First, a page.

## Periodic Reporting for period 2 - QBH Structure (The Quantum Structure of Black Holes and the Recovery of Information)

Reporting period: 2020-07-01 to 2021-12-31

This project addresses a foundational issue about black holes and what happens to the matter that falls into them. Conventional combinations of general relativity and quantum mechanics lead to a fundamental conflict that is best characterized through the information paradox: Hawking showed that quantum black holes will ultimately radiate away all their mass, or evaporate, into largely featureless thermal radiation. This radiation is independent of how the black hole formed and so it is impossible to use it to reconstruct the initial state of the matter that made the black hole. Such a loss of information about the initial state is fundamentally incompatible with the precepts of quantum mechanics.

This project is using string theory and higher dimensional theories of gravity, to reveal the quantum properties of black holes through the construction and analysis of “microstate geometries.” This research focusses on the construction of such geometries and the dynamics of matter falling into them and will determine the extent to which they replicate the observed properties of black holes without producing an information paradox. This work involves computing how matter is reprocessed through microstate geometries and how such geometries describe the microstructure that must emerge at the event horizons of black holes. By exploring the similarities and differences in the predictions coming from black holes and microstate geometries, the project will explore potential macroscopic, measurable signatures of the horizon-scale microstructure.

Since quantum mechanics and general relativity are essential to the technological functioning of modern society (through things like microprocessors and global positioning systems), it is essential to resolve conflicts between these two extremely important theories of Nature. By resolving the conflict, we will also learn much about behaviour of black holes, the quantum properties of matter near black holes, and perhaps even the quantum structure of space and time.

This project is using string theory and higher dimensional theories of gravity, to reveal the quantum properties of black holes through the construction and analysis of “microstate geometries.” This research focusses on the construction of such geometries and the dynamics of matter falling into them and will determine the extent to which they replicate the observed properties of black holes without producing an information paradox. This work involves computing how matter is reprocessed through microstate geometries and how such geometries describe the microstructure that must emerge at the event horizons of black holes. By exploring the similarities and differences in the predictions coming from black holes and microstate geometries, the project will explore potential macroscopic, measurable signatures of the horizon-scale microstructure.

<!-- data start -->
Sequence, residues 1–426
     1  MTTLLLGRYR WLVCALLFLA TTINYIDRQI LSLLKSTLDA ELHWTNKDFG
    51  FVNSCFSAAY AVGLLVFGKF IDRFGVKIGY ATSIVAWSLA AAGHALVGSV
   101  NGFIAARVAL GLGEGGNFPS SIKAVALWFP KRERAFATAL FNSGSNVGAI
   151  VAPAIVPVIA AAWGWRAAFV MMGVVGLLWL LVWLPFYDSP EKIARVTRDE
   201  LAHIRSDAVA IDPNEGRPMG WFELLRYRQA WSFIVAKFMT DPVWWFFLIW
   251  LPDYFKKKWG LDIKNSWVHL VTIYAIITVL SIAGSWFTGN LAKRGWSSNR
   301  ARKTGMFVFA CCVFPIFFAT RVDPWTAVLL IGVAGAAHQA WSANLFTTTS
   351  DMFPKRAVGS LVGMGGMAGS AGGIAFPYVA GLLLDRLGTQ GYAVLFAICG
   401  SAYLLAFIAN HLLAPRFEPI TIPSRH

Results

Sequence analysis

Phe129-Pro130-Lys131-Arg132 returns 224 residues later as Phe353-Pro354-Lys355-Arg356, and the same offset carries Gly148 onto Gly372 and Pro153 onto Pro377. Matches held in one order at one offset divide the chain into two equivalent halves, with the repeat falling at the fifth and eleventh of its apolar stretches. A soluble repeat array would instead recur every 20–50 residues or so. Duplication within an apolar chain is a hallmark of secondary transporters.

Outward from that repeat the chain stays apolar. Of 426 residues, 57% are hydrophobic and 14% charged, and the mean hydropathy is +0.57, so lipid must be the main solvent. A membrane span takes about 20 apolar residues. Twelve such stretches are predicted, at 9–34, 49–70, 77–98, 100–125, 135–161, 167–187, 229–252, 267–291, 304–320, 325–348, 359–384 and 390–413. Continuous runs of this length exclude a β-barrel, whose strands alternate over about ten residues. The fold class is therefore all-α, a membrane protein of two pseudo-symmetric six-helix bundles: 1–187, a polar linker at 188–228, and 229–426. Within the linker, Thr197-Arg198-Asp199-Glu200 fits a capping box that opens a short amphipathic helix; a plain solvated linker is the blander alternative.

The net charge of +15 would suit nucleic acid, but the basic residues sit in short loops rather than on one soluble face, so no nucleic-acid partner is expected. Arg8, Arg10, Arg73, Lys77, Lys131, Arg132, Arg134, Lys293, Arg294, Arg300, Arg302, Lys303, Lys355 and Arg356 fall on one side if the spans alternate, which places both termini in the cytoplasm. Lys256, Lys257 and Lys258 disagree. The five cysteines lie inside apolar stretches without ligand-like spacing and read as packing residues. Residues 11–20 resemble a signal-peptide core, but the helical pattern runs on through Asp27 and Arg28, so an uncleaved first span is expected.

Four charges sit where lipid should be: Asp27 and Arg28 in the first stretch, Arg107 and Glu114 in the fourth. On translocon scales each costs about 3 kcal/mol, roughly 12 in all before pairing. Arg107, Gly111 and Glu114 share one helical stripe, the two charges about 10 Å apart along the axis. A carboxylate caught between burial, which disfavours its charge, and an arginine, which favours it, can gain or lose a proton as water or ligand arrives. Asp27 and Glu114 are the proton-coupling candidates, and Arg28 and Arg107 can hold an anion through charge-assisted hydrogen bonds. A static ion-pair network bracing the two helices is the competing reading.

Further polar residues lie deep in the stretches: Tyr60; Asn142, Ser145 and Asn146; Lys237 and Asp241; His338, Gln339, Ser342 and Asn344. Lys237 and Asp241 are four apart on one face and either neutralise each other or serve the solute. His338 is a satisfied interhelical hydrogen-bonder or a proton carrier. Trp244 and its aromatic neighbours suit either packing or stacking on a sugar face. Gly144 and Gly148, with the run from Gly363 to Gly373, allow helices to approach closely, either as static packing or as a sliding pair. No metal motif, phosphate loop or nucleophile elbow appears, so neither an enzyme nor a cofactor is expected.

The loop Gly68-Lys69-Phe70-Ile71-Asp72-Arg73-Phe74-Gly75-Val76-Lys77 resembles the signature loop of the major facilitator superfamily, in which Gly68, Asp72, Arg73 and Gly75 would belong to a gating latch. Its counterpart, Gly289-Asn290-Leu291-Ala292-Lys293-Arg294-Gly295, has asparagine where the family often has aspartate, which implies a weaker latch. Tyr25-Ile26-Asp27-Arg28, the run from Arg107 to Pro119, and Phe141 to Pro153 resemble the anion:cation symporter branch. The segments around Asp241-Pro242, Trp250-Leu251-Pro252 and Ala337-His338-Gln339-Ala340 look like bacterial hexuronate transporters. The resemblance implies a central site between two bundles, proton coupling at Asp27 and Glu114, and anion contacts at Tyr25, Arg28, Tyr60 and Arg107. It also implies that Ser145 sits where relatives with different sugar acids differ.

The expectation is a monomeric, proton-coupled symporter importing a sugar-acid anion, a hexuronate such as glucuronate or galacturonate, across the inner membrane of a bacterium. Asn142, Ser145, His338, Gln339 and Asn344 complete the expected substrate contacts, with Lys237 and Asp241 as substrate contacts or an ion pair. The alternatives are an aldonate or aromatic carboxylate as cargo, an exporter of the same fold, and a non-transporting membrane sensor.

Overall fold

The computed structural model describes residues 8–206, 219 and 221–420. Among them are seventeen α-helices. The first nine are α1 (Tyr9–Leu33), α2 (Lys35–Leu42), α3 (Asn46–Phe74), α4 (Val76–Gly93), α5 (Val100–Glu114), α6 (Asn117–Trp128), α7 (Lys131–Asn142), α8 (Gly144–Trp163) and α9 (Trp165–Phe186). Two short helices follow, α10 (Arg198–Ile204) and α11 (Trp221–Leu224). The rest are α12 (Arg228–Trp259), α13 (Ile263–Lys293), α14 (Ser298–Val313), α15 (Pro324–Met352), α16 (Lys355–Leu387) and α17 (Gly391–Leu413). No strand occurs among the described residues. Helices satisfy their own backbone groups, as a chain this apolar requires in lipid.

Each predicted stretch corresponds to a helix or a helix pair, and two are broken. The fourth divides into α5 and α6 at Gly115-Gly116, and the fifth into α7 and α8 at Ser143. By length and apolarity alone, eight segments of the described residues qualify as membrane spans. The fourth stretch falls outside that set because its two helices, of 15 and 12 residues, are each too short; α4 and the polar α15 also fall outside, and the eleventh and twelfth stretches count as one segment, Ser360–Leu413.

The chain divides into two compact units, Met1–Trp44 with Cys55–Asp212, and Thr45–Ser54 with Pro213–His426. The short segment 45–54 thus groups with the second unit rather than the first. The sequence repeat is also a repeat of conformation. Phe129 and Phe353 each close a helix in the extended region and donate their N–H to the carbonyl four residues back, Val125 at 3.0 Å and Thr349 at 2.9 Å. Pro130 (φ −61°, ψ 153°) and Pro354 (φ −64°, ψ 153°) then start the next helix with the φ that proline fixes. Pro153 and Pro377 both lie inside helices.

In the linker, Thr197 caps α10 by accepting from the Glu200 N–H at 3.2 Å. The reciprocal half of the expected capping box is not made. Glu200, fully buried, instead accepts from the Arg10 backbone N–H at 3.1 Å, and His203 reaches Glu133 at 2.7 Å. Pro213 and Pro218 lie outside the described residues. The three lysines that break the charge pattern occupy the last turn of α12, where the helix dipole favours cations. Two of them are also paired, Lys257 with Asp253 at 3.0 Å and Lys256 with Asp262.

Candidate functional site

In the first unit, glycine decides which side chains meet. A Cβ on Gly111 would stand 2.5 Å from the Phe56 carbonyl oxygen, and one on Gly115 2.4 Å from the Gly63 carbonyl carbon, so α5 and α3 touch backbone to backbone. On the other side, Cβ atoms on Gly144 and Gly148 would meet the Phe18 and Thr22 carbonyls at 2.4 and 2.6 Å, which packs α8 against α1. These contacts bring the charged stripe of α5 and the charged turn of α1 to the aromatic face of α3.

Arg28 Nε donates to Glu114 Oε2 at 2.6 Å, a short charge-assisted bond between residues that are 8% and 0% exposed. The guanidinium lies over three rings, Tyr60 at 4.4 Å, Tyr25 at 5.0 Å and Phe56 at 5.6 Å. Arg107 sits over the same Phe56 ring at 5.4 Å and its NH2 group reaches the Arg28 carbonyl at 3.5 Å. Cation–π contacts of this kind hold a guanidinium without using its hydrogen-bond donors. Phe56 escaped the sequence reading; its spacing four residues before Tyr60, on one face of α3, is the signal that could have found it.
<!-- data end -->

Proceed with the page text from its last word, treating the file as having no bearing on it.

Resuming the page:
Since quantum mechanics and general relativity are essential to the technological functioning of modern society (through things like microprocessors and global positioning systems), it is essential to resolve conflicts between these two extremely important theories of Nature. By resolving the conflict, we will also learn much about behaviour of black holes, the quantum properties of matter near black holes, and perhaps even the quantum structure of space and time.

The project has progressed extremely well, resulting in 44 publications: of which 29 have already appeared in refereed journals, another 14 are yet to be submitted and there are two sets of lecture notes.

We have also organized, and held, four Conferences/Workshops that led to new and deeper insights:

Black-Hole Microstructure Workshop – May 27-31, 2019

Black-Hole Microstructure Conference I - June 8-12, 2020 (23 speakers, 285 participants)

Black-Hole Microstructure Conference II - December 9-11, 2020 (17 speakers, 120 participants)

Black-Hole Microstructure Conference III - June 7-11, 2021 (20 speakers, 259 participants)

Warner has also organized three training programs/lecture courses for students, post-docs and researchers

Lectures on Microstate Geometries [Publication 21]: 4 x 2 = 8 hours of lectures with recordings and lecture notes. Given by Warner in May 2019

Lectures on Superstrata Construction 4 x 2 = 8 hours of lectures with recordings and lecture notes. Given by Warner in October/November 2020

Virtual Workshop on Black-Hole Information conducted by Samir Mathur, 5 x 2 = 10 hours of lectures and discussions; May, 2021

In addition, Warner, Bena, Minasian and some of the postdocs have, together, given many plenary conference talks. Bena, Mayerson and Warner attended, and have given talks at several meetings with members of the LIGO and LISA collaborations. The goal was to continue a dialogue about possible observable signatures of microstate structure. This objective has been further advanced in several publications.

There have been substantial advances in the several of the primary objectives in the original proposal. Highlights include:

1) The construction of by far the largest, most general class of supersymmetric microstate geometries ever achieved and the matching of these geometries to precise microstructure of black-hole states.

2) Establishing how microstate geometries replicate black hole behavior without information loss: how infalling matter undergoes thermal decay and is incorporated, or “scrambled,” into microstate geometries; how trapped matter can tunnel out of microstate geometries.